5. Conclusions

In line with previous work on personalized prompting, we tested a number of prompts which we introduced together with an overview of how we operationalized personalized prompting. These were based on a number of learning and personality characteristics predicted to influence learning. The use of a matched case-control design enabled us to compare the effects. Unfortunately, the motivation, the verification, the strategy and the explanation prompt did not improve performance. Since we examined different thresholds in an exploratory manner, it is likely that these prompts were simply not effective the way they were designed.
We observed a significant benefit of the assessment prompt, which is in line with the testing effect, which proved an excellent starting point for future studies. A particular research question may address the issue whether the assessment prompt has to be based on the learner profile or works independently. All learning characteristics were significant correlates of at least one of the performance variables. Additional thought was given to the role of confidence, computer self-efficacy, and opportunities for threshold optimization in the hope to provide further starting points for future work on personalization.


The authors gratefully acknowledge the support of Christian Stamov Roβnagel, Dirk Schulte am Hülse, as well as the various instructors and participants. In addition, we thank the editors and reviewers for their helpful comments and guidance. The project did not receive specific funding, but benefited from them previous work supervised by Christian Stamov Roßnagel and sponsored through a grant (Grant No. 01PF07044) from the German Ministry of Education and Research (BMBF) in 2011 to 2013.

Author Contributions

Joy Backhaus and Debora Jeske designed the study and implemented the data collection effort. Herbert Poinstingl and Sarah Koenig provided statistical support and institutional support during the write-up and preparation of the manuscript. All authors have read and approved the final manuscript.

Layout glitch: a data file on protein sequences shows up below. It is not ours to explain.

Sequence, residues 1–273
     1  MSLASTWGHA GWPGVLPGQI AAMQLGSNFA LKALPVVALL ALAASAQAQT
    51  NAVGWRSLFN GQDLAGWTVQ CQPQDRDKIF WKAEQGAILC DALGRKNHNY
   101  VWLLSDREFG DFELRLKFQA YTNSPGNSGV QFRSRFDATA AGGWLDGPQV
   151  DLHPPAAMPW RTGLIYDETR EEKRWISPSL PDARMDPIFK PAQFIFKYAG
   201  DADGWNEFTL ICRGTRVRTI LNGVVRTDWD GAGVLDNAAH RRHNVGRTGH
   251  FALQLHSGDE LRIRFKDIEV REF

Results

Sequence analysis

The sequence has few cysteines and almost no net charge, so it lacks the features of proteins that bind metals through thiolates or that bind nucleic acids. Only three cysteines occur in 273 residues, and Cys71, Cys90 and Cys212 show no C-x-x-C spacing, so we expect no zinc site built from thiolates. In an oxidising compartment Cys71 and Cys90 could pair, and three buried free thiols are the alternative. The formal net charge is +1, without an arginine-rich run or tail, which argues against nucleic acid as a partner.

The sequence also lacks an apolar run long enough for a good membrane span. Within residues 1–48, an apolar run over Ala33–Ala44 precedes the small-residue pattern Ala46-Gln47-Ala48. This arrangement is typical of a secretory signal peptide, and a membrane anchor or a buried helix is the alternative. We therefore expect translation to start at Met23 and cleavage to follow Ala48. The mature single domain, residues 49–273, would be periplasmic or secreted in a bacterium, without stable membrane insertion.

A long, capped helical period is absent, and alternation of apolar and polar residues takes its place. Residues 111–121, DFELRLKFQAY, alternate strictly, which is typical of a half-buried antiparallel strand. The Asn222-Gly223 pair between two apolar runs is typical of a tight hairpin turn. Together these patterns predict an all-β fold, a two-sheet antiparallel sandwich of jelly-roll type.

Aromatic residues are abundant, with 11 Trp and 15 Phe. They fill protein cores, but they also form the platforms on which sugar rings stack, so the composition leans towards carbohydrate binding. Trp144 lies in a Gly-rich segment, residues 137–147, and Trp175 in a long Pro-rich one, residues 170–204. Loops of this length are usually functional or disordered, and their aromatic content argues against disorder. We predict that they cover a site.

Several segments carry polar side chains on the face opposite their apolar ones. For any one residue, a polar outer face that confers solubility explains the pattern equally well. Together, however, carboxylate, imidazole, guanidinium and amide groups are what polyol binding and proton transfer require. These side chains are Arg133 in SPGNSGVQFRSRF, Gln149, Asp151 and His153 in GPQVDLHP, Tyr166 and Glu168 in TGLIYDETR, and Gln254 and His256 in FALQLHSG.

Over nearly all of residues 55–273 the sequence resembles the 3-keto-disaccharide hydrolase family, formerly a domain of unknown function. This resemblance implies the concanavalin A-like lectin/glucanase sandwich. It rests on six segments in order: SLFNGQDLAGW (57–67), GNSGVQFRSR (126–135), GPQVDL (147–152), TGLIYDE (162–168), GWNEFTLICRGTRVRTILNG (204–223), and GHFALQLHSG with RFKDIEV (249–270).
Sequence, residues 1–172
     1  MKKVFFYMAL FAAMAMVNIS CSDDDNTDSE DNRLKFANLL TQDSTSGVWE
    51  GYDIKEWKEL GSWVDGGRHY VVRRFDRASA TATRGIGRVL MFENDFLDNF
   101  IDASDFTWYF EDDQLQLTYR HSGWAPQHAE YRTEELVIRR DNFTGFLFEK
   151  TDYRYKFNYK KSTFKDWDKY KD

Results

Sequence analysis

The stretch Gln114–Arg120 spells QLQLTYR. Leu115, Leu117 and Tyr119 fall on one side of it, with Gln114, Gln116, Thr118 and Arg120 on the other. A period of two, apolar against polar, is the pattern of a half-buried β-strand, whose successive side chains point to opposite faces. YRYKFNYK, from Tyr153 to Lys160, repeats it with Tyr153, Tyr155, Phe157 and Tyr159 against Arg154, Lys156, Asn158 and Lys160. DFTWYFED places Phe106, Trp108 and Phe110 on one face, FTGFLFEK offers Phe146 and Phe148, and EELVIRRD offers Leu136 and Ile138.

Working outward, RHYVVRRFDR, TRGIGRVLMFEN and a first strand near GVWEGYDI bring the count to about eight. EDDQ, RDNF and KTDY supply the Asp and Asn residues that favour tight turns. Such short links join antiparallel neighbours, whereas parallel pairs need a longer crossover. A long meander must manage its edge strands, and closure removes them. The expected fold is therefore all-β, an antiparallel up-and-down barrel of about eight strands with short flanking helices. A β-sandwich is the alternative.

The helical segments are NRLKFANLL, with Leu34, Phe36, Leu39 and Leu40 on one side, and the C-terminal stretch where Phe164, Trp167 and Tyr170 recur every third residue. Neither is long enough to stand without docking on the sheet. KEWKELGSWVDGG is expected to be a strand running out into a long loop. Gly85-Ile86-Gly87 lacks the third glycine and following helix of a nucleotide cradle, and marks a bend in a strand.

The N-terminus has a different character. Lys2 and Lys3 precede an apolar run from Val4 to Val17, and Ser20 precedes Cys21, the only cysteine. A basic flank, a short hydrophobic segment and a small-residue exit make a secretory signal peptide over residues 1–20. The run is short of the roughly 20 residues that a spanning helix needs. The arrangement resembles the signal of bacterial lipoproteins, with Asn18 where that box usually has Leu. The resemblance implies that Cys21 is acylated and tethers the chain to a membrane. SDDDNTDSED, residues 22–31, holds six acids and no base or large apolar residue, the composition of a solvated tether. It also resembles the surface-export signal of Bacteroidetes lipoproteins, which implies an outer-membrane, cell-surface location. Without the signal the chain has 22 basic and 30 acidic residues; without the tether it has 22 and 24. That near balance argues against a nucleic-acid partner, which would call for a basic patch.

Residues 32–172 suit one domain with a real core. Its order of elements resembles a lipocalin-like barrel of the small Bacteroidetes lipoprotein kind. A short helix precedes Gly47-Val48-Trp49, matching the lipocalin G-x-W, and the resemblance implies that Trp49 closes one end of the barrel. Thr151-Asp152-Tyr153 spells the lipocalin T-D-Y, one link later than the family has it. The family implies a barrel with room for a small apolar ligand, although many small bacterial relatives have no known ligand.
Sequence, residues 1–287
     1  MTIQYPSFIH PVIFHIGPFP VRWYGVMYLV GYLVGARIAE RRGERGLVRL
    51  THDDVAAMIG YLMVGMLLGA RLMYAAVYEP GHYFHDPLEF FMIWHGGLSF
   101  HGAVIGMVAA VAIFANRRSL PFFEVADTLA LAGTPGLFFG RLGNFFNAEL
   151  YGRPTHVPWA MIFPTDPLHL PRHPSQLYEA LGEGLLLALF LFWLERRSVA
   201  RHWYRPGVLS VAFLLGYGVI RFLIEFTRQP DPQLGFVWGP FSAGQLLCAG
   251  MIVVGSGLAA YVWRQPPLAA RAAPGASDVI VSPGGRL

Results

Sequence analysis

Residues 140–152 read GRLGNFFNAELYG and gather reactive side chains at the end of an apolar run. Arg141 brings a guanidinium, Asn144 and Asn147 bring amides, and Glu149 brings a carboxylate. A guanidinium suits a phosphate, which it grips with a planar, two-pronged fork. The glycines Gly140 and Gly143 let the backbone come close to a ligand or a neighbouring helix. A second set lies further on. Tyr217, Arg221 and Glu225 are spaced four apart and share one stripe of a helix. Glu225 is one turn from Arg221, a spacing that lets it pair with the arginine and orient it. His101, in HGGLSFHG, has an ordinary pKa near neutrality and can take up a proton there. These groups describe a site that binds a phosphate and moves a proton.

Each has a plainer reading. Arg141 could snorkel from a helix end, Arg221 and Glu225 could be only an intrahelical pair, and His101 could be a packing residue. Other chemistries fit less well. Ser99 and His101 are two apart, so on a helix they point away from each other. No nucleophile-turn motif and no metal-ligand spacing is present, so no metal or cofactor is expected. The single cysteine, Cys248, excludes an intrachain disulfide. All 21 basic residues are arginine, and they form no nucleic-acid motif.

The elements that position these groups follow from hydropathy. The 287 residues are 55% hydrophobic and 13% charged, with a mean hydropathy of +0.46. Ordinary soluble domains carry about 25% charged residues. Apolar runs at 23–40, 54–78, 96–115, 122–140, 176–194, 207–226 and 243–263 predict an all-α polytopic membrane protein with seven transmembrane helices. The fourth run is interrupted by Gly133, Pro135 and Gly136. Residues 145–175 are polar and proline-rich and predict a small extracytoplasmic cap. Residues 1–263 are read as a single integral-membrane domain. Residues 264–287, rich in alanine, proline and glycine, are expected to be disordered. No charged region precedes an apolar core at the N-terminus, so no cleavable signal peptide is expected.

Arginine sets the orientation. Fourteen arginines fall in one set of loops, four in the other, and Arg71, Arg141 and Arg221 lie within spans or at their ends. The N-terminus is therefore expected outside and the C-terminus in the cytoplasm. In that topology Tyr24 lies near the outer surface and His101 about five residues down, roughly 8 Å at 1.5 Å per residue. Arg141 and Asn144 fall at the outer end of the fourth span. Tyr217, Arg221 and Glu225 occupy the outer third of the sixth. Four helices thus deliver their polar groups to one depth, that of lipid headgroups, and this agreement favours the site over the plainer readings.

Conflicts of Interest

The authors declare no conflict of interest.


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Figure 1. Positioning of prompts in both e-modules.
Figure 1. Positioning of prompts in both e-modules.
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Figure 2. Mean differences between the control and experimental group. The bars represent the standard error. * p < 0.01, ** p < 0.005.
Figure 2. Mean differences between the control and experimental group. The bars represent the standard error. * p < 0.01, ** p < 0.005.
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Table 1. Descriptives for the module on team development/shiftwork.
Table 1. Descriptives for the module on team development/shiftwork.
Chapter 1206/2311253/113216/176.08/4.9012.88/13.5913.66/8.4535.90/63.00
Chapter 2206/2721087/133214/195.28/4.9014.71/14.3210.78/8.7960.20/55.20
Chapter 3182/268944/145111/125.19/5.4116.55/22.3311.27/13.2464.00/49.50
Chapter 4177/223963/105112/145.44/4.7114.75/15.9311.57/8.7354.60/64.60
Chapter 5170/293921/167614/95.42/5.7212.14/32.5610.16/11.7959.90/39.30
Note. WC = word count; CH = characters; SEN = sentences; CH/WC = ratio of characters to words; WC/SEN = ratio of word to sentences; ARI = Automated Readability Index; FRE = Flesh Reading Ease Readability Score.
Table 2. Prompt set up.
Table 2. Prompt set up.
VariableThresholds for PromptsPrompts
Need for cognitionLow (score f ≤ 15; score m ≤ 18)Strategy
High (score f ≥ 18; score m ≥ 20–24)--
Extremely high (25)Verification/Assessment prompt
Work effortLow (score ≤ 12)Explanation
High (score ≥ 16)--
Extremely high (=20)Verification
Computer self-efficacyLow (score ≤ 12)Motivation
High (score ≥ 13)--
Surface strategyLow (score ≤ 12)--
High (score ≥ 13)Strategy